The point is that we have to invest in new technology and we have to give our market what it wants – or rather something that they want, as our market consists of people. In my case the value is still there for my clients and the costs are in the software and in my knowledge and training rather than in handwriting schedules to be typed out.

We have to adapt constantly and I take no pleasure from a business failing because it makes a product no one wants any more.

Very few people have milk deliveries these days, no one buys meat for their cats from a street seller as they did before the First World War, and sadly no one buys sheepskin coats, cosy as they were.

If we cannot adapt our businesses we must invest in new ones before the old ones fail. I try to keep my eye on the ball. Do you?

Petty dictators

I remember when I was an employee working for a boss who was always right, even when he was wrong. There was no reasoning with him. We underlings were not allowed to have an opinion as to how things might be done better. We had to follow orders. It was no way to work, so of course staff turnover was high. The business suffered because of this and also because all suggestions made for improving the way business was done were ignored. Petty dictators are control freaks.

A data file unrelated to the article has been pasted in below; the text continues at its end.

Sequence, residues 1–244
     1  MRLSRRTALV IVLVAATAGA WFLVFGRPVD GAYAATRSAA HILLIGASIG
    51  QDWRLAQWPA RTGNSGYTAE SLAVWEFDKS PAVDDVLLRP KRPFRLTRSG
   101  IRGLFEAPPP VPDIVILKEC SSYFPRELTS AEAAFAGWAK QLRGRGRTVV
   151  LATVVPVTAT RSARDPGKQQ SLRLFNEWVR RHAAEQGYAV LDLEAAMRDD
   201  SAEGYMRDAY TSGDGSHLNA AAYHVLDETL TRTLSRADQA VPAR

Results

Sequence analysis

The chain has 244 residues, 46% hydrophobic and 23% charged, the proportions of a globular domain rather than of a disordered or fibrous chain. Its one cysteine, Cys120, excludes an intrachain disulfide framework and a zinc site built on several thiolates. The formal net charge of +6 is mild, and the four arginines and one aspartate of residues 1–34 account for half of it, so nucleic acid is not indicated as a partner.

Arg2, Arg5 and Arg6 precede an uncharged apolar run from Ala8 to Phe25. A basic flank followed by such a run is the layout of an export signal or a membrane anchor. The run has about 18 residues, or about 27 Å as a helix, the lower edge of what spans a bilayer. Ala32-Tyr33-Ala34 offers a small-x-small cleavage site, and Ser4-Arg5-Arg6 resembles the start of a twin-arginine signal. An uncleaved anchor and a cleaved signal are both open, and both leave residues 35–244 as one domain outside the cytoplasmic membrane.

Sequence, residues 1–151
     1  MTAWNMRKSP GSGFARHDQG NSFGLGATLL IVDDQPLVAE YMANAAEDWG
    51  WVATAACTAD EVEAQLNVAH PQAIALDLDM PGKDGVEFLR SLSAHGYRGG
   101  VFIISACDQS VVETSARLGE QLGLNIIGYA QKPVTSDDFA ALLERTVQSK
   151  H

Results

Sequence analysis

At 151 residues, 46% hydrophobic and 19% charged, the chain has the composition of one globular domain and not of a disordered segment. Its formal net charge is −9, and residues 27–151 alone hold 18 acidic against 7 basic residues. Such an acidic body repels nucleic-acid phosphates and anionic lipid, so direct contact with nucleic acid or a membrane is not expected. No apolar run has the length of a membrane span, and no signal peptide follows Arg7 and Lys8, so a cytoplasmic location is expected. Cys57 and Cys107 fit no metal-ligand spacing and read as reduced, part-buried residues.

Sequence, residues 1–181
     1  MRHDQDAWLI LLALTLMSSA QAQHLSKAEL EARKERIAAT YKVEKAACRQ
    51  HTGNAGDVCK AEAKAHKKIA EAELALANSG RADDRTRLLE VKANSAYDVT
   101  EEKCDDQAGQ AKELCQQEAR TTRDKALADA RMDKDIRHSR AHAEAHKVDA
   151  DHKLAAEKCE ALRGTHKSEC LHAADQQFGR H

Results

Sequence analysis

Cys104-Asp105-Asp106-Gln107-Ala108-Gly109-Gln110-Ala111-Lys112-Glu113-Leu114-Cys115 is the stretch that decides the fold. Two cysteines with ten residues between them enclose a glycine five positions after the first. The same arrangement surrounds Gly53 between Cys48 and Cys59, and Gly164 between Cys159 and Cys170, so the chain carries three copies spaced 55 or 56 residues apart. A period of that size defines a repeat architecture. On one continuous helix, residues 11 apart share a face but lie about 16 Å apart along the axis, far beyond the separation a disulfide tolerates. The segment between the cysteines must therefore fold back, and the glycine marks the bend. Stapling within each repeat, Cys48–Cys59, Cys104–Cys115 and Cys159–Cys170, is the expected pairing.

As independent business owners we should not be surprised that such petty dictators are hard to sell ideas to. After all, they are convinced they know better than us what is good for their business. They know more about web design than my cleverest designer friends. They know more about tax than I do; at least that is what they think.

Of course we may find out that we have clients who think they know best. From our point of view, we can let this ride unless they think they know better our value to them, and their idea is lower. In that case there may be a parting of the ways because we should never be intimidated. We cannot afford it.

Just because our client is a petty dictator does not mean we should not offer advice. After all, it is up to them whether they take it. We just have to remember that some people never listen.

Do you know any petty dictators?